of the society entailed in turn the end of the Jesuits everywhere, including the Catholic German states and ecclesiastical principalities, the scattered possessions of the Austrian Habsburgs, and all that remained of their missions around the world.

By the time the expulsions and dissolutions were over, the Italian Father Gabriel Malagrida had suffered trial and execution, others like the general Lorenzo Ricci had spent years in prison, while hundreds had died during the long voyages from the colonial missions back to Europe. Scores of elite colleges had also to find entirely new professorial staffs, the vast Catholic mission fields around the world lay long untended, and thousands of Jesuits faced displacement from their homelands or colonial countries of adoption to Corsica or the Papal States. And all of the Jesuits - more than 22,000 in sum -sustained 'secularization' to one degree or another, sometimes voluntarily so but in most cases not. The plight of so many displaced Jesuits even elicited sympathy from rival Christian confessions and non-Catholic states such as in Protestant Prussia, where Frederick the Great employed them in conquered Catholic Silesia, and in Orthodox Russia, where Catherine the Great used them in parts of former Poland.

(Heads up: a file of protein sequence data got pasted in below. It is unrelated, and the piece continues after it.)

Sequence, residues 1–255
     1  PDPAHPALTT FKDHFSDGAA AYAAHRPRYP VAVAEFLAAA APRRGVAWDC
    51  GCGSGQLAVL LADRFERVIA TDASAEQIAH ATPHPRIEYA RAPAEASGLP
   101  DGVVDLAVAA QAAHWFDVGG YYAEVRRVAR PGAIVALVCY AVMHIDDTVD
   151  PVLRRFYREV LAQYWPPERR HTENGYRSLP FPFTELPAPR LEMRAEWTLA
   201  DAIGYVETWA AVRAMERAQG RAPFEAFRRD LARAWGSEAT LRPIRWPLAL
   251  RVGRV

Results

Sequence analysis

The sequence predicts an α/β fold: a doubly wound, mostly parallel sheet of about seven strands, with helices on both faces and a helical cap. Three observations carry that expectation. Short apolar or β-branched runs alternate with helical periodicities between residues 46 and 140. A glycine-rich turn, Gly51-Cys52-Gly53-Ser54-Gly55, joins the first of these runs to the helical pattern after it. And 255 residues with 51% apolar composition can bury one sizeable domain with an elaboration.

Since the event so closely preceded a revolution that gave rise to an explicitly anti-Catholic nationalism, it was hard for generations that lived through both events not to view the suppression of the Jesuits in the light of the French Revolution and, reasoning post hoc ergo propter hoc, to draw causal connections in accord with the chronological ones. Were not the staunchest foes of the Revolution the same protagonists who, as erstwhile Jesuits - Augustin Barruel and Francois-Xavier de Feller, for example - had been the greatest obstacles to the spread of an anti-religious Enlightenment? By nationalizing church property and dissolving the Gallican church as an order, had not the revolutionary National Assembly done to the whole French clergy exactly what the enemies of the Jesuits had earlier done to the Society of Jesus? Were not the pre-Revolutionary enemies of the Jesuits the very same as those who later plotted and perpetrated the Revolution, encyclop├ędistes and philosophes all?

This case was easiest to make in France where, on the very morrow of the end of the Jesuits, philosophes themselves claimed credit for the victory. It was Enlightened 'philosophy', proclaimed Voltaire's friend Jean Le Rond d'Alembert, which had really judged the Jesuits, apart from the role of 'solicitor' in the trial.2 Elsewhere in Catholic Europe this causal line was harder to draw, since it had been the Catholic crowned heads and their councillors who acted as both judges and solicitors in the affair. Yet the connection

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